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Dane County Office of Energy & Climate Change

Resources to Reduce Your Emissions

Simple Actions with Big Results

  • Understand your greenhouse gas emissions 

    Someone living on the isthmus, who bikes to work, will have lower transportation emissions than somebody else who drives 20 miles to and from work each day. Similarly, a household that eats mostly a plant-based diet will have lower food emissions than a household that eats red meat twice a day. Folks who are conscious about their household energy usage tend to have lower household energy emissions than neighbors who leave all the lights on. But how does this all add up?

  • Map of average household carbon emissions for upper midwestYou might be surprised by how much emissions vary by zip code.  The image on the right is a snapshot of estimated household carbon emissions by zip code across our region of the United States. The green areas have lower annual emissions per household while the red areas have higher emissions.  (Click on the image to explore this's pretty cool!)

  • So what about your household?  Our household emissions calculator will let you estimate your emissions and see how those emissions compare to others in your zip code.  

  • Once you've calculated your emissions you can identify your best opportunities to reduce those emissions. A household with high household energy use will have different priorities than a household where most of the emissions come from transportation. No matter what your profile, the resources on this page can help you make simple changes that enable you to be part of the solution.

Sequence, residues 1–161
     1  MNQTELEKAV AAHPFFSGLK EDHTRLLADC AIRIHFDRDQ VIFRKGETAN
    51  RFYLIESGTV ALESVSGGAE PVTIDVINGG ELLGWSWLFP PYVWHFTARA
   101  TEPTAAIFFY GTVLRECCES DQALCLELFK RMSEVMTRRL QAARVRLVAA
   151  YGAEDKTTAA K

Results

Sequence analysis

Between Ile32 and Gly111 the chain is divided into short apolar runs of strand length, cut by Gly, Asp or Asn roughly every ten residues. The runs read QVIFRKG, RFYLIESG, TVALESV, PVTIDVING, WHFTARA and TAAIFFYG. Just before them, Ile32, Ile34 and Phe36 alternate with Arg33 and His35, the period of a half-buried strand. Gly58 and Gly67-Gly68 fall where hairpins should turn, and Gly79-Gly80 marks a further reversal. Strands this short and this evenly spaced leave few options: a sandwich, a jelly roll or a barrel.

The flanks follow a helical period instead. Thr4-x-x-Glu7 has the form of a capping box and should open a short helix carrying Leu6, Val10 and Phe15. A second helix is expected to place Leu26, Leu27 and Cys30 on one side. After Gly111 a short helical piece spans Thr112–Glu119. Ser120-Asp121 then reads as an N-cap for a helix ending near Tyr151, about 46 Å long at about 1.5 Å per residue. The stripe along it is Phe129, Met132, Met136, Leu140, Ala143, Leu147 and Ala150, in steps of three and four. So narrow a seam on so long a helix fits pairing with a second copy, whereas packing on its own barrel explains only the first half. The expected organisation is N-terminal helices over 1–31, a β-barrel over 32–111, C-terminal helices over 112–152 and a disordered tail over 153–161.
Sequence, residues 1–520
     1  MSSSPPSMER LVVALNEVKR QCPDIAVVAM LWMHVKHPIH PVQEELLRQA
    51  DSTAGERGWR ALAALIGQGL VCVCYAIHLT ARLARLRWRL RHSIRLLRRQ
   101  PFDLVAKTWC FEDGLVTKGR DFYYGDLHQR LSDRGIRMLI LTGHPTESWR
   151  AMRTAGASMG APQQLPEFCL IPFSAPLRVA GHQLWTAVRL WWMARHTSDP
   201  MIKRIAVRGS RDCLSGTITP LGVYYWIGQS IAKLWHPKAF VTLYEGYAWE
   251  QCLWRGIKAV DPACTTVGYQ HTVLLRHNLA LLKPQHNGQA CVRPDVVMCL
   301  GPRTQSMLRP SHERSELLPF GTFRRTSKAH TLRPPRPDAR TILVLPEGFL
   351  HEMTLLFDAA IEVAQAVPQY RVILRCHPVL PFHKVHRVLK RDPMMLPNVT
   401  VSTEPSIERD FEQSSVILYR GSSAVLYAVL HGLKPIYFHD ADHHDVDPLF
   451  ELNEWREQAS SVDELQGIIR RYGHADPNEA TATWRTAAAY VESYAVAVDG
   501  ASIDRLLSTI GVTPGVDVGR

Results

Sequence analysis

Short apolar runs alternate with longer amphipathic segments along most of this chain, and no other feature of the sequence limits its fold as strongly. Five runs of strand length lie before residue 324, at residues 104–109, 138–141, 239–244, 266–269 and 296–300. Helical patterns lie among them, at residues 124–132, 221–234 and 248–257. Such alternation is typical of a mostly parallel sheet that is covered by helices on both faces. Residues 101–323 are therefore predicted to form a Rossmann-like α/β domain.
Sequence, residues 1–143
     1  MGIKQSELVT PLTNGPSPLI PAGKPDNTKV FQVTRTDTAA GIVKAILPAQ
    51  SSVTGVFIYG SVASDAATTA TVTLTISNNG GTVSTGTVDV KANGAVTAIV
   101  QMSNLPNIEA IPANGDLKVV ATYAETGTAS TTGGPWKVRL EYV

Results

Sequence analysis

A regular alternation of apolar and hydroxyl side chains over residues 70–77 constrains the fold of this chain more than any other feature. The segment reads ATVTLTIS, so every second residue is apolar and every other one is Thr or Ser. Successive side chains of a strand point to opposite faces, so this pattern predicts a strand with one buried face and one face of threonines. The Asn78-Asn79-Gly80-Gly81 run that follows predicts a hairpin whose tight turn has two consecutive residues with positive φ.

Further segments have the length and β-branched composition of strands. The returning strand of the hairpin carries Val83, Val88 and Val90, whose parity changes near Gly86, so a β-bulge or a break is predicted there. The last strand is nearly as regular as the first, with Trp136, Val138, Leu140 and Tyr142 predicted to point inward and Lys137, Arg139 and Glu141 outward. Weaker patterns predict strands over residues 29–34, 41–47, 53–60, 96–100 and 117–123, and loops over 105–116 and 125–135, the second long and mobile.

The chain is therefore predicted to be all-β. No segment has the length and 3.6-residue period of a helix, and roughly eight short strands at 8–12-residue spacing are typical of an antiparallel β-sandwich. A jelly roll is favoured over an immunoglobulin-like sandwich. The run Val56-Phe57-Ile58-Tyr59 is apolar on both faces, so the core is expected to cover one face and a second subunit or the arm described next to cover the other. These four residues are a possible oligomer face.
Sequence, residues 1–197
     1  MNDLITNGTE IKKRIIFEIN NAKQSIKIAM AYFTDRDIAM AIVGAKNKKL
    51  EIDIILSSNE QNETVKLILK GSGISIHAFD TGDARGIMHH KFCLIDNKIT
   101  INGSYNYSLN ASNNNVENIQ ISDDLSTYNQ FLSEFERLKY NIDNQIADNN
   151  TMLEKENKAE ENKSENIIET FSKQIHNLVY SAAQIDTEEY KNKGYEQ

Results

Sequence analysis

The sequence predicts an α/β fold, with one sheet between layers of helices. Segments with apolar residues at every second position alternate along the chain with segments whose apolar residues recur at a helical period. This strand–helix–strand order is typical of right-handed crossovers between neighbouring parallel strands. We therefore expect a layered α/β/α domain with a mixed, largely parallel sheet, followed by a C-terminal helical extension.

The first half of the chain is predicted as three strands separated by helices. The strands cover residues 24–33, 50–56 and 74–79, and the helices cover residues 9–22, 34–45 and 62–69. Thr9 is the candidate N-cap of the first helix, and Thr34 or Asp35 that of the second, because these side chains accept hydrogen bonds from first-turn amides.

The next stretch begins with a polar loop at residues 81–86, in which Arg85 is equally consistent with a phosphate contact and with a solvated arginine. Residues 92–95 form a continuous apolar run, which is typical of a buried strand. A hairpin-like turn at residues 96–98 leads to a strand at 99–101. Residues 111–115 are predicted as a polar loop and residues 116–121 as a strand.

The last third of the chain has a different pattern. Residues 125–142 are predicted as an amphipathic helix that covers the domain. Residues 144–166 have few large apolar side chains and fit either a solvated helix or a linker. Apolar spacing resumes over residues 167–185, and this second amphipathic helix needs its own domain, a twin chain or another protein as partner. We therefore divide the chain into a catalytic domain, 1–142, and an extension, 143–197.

Household Energy Use

Most of us don't think much about energy use at home because it just happens. We wake up thinking about breakfast, not the electricity powering our coffee pot or the refigerator keeping our milk and yogurt cold. Because it's not top of mind, it can be easy to overlook simple ways to minimize energy waste. After all, when you waste energy it's akin to burning your hard-earned money and nobody wants to do that!

In general, there are two big strategies for reducing energy waste at home:

  1. turn appliances off when it's not in use, and
  2. always opt for the more efficient model.
Turn It Off!

You might remember a parent telling you to turn off lights when you were a kid and they were right: it doesn't make sense to light empty rooms. It also doesn't make sense to heat or cool an empty apartment or to leave a television on when no one's watching it. Get into the habit of turning things off when not in use.

Choose Efficiency!

It's also important to choose the efficient model--whether a refrigerator, a light bulb or a computer. The easiest way to find energy efficient products is to look for the ENERGY STAR label.  ENERGY STAR is a federally-funded labeling program that identifies the products that are most efficient in their category. You'll find the label on dishwashers, on televisions and even on light bulbs. All ENERGY STAR products are tested for performance as well as efficiency--so you'll get a quality item that uses less energy. You can learn more at the ENERGY STAR website where there are calculators to help you estimate savings associated with certain purchases.

Focus on Energy 

Focus on Energy is Wisconsin's statewide energy efficiency and renewable energy program. Focus on Energy offers technical assistance and incentives to help you be more energy efficient. Specifically:

Whether you own your home or rent an apartment, Focus on Energy has programs to help you reduce energy use.

Utility Resources